Thursday, 11 April 2013

The grave of a pet

The Raj Bhavan is one of the most impressive buildings in Banglaore.
Formerly the residence of  the Residents of Mysore and Chief Commissioners of Mysore State, the Raj Bhavan is located amidst beautiful surroundings.
There are many historic artifacts in the building and even outdoors there is the small but beautiful Glass House where functions and events are organised.
The Glass House in Raj Bhavan is set within a beautiful garden full of exotic plants and trees. In a small corner of the garden is a memorial or a grave to an animal that is cared for even today.
The grave belongs to the pet dog of Sir Oliver St. John the Chief Commissioner of Mysore and Coorg State from 1889 to 1891.
Oliver St. John succeeded Sir Henry Prendergast as the Chief Commissioner and he stayed in this building for two years with his family and his pets.
He loved pets and one of his pet dogs died in the Residency. The dog was buried in a corner of the garden and it stands till today and its is still taken care of by the staff of Raj Bhavan.
Well, this is the story of  the Chief Commissioner’s pet. But what of the man himself.   
Soon after his pet died, Sir Oliver St. John was among the first British officers involved in the vexed Cauvery river water dispute between the Madras Government and the princely state of  Mysore.
Sir Oliver St John did point out that Karnataka had a right to the flowing waters but his stand was rather ambiguous.  He seemed to have meant that Karnataka had the right to flowing waters and not for storing Cauvery.
Anyway, Sir Oliver was soon afterwards sent to Baluchistan, and died a few days after arrival at Quetta. A military officer and a bureaucrat, he has the rare distinction of a  bird being named after him.
His full name was Sir Oliver Beauchamp Coventry St John (1837- 1891) and he  was an administrator in British India. His India career was varied. He served as the Chief Commissioner of Baluchistan for ten years.
Oliver St John was born in Ryde in the Isle of Wight to Captain St John of the Madras Army. He joined the Bengal Engineers on 12 December 1856.
After serving in the public works department of Agra and Oudh, he volunteered for work in Persia where he was asked to draw a telegraph line between Persia and India.
He ten went to Abyssinia in 1867 to organize telegraph lines for the war. This line was 200 miles from the coast and this work led to his promotion. Towards the end of 1868 he returned to Persia and he remained here till 1871.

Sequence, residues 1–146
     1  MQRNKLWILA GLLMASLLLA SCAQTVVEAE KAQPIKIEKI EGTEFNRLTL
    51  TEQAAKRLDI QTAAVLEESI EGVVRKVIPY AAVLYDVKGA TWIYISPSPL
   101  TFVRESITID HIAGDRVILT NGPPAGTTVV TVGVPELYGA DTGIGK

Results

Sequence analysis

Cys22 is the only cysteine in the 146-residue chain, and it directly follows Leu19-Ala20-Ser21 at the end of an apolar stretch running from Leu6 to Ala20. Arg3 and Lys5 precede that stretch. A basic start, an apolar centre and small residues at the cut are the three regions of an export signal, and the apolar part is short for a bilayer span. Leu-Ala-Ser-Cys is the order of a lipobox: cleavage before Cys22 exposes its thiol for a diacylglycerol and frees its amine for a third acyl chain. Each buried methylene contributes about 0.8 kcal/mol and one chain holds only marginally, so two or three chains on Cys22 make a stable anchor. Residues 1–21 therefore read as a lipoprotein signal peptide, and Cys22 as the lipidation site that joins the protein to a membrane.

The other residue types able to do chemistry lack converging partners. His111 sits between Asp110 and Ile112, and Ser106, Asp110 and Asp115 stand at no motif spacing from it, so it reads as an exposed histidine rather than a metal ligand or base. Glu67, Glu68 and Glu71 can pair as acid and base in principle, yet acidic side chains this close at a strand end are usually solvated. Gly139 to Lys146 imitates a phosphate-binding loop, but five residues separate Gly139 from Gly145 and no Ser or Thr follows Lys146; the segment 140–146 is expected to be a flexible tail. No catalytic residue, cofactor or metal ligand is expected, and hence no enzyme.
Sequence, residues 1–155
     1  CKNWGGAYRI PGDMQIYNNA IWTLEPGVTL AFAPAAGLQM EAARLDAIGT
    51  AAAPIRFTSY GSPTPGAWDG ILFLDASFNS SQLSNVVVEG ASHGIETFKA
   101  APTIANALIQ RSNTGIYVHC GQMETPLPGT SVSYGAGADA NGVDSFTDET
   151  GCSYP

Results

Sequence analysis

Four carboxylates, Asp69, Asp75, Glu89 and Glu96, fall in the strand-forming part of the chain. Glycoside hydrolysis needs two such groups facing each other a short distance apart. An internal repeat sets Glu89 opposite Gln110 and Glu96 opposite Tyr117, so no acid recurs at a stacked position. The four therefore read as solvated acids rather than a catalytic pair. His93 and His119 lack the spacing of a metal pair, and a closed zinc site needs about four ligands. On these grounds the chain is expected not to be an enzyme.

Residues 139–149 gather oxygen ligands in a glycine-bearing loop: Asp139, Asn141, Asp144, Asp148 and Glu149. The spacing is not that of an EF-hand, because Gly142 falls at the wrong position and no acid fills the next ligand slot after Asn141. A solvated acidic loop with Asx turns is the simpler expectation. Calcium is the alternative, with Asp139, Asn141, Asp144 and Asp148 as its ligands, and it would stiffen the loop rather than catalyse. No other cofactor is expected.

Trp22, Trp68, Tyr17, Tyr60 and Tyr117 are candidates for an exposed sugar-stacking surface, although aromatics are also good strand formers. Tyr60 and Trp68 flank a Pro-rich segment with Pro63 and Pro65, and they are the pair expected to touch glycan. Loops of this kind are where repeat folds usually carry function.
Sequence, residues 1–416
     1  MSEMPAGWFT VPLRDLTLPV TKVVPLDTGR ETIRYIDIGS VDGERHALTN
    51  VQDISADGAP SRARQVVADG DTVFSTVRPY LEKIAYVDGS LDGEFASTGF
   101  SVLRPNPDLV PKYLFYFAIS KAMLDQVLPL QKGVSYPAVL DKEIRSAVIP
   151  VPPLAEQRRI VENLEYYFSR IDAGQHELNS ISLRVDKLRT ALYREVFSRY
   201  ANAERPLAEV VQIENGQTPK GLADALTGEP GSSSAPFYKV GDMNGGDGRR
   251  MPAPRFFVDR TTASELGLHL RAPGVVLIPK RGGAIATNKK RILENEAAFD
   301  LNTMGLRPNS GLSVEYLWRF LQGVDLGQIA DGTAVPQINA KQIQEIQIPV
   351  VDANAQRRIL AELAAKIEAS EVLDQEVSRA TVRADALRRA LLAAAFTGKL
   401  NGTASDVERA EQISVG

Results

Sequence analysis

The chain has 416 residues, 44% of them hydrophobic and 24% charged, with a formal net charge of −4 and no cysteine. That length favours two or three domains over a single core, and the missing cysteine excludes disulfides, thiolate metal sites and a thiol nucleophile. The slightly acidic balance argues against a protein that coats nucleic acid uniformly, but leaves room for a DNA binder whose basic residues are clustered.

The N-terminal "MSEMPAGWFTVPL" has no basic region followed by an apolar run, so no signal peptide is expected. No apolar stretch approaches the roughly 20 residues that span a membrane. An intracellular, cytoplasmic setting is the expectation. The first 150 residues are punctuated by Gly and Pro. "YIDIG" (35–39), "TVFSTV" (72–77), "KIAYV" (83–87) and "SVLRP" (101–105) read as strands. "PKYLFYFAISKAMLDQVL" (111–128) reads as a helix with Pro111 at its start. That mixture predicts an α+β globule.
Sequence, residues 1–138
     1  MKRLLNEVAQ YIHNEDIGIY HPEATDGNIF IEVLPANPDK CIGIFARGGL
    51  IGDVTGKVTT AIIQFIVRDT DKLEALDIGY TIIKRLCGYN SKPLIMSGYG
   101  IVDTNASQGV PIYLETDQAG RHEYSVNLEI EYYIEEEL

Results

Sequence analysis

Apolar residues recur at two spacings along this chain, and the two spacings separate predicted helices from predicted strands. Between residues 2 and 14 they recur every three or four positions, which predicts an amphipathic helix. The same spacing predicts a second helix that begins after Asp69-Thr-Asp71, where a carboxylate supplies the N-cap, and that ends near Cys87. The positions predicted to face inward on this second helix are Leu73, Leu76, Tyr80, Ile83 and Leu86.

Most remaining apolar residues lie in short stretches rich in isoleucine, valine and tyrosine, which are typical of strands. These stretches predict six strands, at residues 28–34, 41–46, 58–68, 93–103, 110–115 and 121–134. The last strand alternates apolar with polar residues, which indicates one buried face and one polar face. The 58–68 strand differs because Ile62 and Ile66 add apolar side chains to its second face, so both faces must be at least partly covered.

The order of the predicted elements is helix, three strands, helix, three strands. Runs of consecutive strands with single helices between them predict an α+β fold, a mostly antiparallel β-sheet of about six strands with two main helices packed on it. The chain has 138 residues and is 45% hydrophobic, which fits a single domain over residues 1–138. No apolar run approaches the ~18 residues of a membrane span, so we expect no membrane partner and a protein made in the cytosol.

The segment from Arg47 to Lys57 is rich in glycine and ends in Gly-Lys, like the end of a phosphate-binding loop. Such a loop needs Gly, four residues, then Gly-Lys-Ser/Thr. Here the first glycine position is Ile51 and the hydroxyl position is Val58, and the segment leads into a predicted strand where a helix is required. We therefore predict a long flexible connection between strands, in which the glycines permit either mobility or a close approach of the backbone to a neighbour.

In October 1871, Major St John was sent to Baluchistan for the survey of the Perso-Kelat frontier. During his tenure as an official, he took a keen interest in natural history and hunting. His personal notes are included in the zoology report of the expedition prepared by William Thomas Blanford (1832-1905), an English geologist and Naturalist.
He also corresponded with ornithologists in the region such as Allan Octavian Hume. He returned to England in October 1872 and worked on preparing maps at the India Office. These maps were based on longitudes of the Persian telegraph stations fixed in co-operation with General Walker of the Indian Trigonometrical Survey, Captain Pierson, and Lt Stiffe.
St John published his notes in the Narrative of a Journey through Baluchistan and Southern Persia (1876). He then returned to India in 1875 and became principal of the Mayo College in Ajmer.
After August 1878, he became part of the staff of Sir Neville Chamberlain's mission to Kabul. He was subsequently appointed as chief political officer to the Kandahar Field Force and later  Resident in Kandahar. An attempt was made on his life during a trip in southern Afghanistan.
In 1853, he was posted on special duty in Kashmir and then took over as acting resident in Hyderabad (April–July 1884). He was then made Resident in Kashmir (August 1884), agent to the Governor-General at Baroda (December 1887).
In 1887, Oliver St. John was appointed as Resident at Mysore and Chief Commissioner in Coorg which post he continued to hold till January 1889.
The was later recalled to Baluchistan. He died in Quetta of pneumonia after an attack of influenza.
Blanford's account of zo├Âlogy in the Persian border commission expedition includes notes on his experiences with lions in Persia while another account talks of him chasing a tiger that threatened a colleague of his.
Blanford named a bird after Oliver St. John and called it Picus Sanctijohannis.
Today, though Oliver St, John is largely forgotten, the grave of his pet dog is not. Nor is the Picus Sanctijohannis.

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